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Tuesday April 2, 2013 Edition
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Celebrating Women Biologists: Meet Nettie Maria Stevens

Ahead of her time and leading the pack, Vermonter Nettie Maria Stevens earned her degrees and her place in the history of the study of cell structure.
photo by Photo courtesy of Carnegie Institute of Washington
Ahead of her time and leading the pack, Vermonter Nettie Maria Stevens earned her degrees and her place in the history of the study of cell structure.

Tuesday April 2, 2013

By Cookie Steponaitis

   Most people who call Cavendish, Vermont home know the Adams name. The original homestead including, “50 acres, four cows, 5 hens, 3 wagons, 2, sleight and a 16 acre woodlot,” was already three generations old when Nettie Maria Stevens was born in 1861. Her mother was a school teacher and Nettie grew up in a family that valued education and she excelled at learning. Her father made a good living as a builder and Nettie studied at Westford Academy where she learned Greek, Latin, Logic, geography, music and was one of only three females to go on to college from the academy. Nettie earned her own living as a teacher, moved to live on her grandmother’s farm and taught math, zoology and physiology before following her dream of attending college in California.

    Nettie crossed the country by train, arrived in California and began making a name for herself at Leland Stanford University by earning the highest grades in her class. She earned a Master’s in Biology in 1900 and became a recognized name in the field of science as the result of her work under the microscope detailing many varieties of marine life and working in the new field of cytology which specialized in the formation, structure and function of the cell. Nettie continued her studies in Switzerland and later earned a Doctor’s Degree from Bryn Mawr College in Pennsylvania at the age of forty-two. She published her first paper on cytology the following year and went on to research at some of the most prestigious centers around the world.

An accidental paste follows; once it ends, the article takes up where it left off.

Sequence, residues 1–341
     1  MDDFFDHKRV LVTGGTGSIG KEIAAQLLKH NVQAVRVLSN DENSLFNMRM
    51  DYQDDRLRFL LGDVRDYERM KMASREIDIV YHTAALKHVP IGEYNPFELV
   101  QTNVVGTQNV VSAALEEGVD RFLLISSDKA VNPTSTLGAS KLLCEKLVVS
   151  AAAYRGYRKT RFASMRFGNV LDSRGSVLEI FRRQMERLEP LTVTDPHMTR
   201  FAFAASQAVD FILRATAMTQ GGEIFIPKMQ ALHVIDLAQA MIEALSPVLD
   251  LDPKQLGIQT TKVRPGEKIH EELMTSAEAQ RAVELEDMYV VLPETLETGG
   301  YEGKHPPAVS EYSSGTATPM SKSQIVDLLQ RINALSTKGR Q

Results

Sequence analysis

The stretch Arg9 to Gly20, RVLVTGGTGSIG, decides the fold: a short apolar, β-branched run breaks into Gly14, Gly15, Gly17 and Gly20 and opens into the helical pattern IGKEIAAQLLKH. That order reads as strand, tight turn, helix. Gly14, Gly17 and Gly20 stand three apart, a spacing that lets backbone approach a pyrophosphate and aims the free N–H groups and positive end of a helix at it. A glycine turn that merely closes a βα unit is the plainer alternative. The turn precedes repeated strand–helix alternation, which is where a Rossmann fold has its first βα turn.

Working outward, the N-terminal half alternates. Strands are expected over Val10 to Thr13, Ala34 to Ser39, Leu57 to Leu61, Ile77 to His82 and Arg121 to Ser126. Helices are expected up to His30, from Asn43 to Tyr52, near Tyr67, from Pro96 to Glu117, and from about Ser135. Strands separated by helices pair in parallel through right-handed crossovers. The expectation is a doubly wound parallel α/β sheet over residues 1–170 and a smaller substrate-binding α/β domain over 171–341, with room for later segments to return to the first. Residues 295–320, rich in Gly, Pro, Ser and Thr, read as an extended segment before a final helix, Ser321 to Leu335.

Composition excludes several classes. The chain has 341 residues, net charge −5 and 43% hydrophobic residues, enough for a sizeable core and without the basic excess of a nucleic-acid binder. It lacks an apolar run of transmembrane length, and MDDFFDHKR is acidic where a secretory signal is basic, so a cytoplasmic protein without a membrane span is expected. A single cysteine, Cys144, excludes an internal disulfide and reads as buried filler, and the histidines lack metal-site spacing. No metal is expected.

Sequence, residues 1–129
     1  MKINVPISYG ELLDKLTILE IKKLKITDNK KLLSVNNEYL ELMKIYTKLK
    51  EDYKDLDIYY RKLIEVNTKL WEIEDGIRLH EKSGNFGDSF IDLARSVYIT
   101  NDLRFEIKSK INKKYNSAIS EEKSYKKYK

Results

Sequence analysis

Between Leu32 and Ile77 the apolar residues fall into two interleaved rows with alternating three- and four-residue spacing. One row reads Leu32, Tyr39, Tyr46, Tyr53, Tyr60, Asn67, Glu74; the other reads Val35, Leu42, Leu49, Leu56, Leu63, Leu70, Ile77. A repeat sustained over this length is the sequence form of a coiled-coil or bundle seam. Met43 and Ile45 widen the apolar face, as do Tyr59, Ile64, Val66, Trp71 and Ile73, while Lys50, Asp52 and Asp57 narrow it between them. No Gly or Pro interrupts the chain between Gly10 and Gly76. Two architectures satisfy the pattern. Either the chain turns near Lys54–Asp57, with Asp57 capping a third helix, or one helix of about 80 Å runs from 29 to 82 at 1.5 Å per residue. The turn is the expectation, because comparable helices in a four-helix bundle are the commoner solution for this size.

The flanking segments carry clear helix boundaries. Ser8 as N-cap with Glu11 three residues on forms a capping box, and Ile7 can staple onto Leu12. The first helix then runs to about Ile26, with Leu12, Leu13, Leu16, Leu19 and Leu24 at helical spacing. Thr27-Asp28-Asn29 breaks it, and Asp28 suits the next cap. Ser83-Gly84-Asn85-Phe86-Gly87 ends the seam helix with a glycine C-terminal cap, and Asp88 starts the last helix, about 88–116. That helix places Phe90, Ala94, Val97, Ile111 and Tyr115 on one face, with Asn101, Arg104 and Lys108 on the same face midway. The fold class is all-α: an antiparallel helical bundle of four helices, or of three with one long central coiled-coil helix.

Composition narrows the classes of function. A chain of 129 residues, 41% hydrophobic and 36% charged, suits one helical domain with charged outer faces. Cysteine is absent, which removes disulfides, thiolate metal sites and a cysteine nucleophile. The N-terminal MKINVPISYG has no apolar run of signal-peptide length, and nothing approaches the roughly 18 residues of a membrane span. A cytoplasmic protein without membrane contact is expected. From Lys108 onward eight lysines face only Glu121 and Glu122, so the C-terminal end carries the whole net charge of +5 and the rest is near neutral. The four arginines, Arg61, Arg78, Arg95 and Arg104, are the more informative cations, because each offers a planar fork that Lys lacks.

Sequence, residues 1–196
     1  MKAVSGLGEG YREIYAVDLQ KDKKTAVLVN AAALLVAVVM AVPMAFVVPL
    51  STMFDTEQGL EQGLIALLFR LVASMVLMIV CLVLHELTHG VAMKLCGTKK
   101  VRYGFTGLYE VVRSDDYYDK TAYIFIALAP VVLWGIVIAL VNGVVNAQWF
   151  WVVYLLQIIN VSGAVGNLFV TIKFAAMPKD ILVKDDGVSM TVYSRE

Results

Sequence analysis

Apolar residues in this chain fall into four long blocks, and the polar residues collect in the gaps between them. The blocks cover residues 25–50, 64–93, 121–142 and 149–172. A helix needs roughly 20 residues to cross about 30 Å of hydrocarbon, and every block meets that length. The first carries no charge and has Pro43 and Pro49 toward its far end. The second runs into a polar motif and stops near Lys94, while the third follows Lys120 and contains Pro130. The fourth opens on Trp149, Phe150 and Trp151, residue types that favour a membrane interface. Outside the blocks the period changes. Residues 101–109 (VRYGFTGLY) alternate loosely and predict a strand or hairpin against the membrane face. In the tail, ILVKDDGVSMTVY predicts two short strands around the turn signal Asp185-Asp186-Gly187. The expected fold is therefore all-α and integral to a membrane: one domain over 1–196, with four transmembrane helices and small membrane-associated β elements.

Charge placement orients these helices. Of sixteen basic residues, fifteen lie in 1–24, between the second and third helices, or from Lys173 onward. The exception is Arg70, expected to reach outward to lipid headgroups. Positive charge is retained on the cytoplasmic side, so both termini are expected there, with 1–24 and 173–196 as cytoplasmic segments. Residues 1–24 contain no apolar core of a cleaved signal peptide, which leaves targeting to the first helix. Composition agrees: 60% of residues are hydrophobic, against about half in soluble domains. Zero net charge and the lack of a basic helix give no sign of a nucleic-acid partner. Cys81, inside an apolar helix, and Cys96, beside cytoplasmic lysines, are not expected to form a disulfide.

Her study of meal worms and later on other species of insects resulted in her determining the difference between the two classes of sperm and identification of the X and Y chromosomes and earned her a place in science history. While her dream was to be a researcher and avoid the classroom she was offered a teaching position and expected to teach at the university level. Nettie Stevens tragically passed away from cancer at Johns Hopkins Hospital in 1912 before she could assume her new role. Today the field of cytology is in the forefront of gene identification and is helping to shape the future of cancer research and other types of research seeking cures by understanding life at the cellular level. Nettie Maria Stevens was ahead of her time and definitely one of the earliest leaders and earned her place in medical history and in the annals of Vermonters who set the bar long before it was fashionable or even considered practical by using hard work, Yankee ingenuity and ardent persistence.


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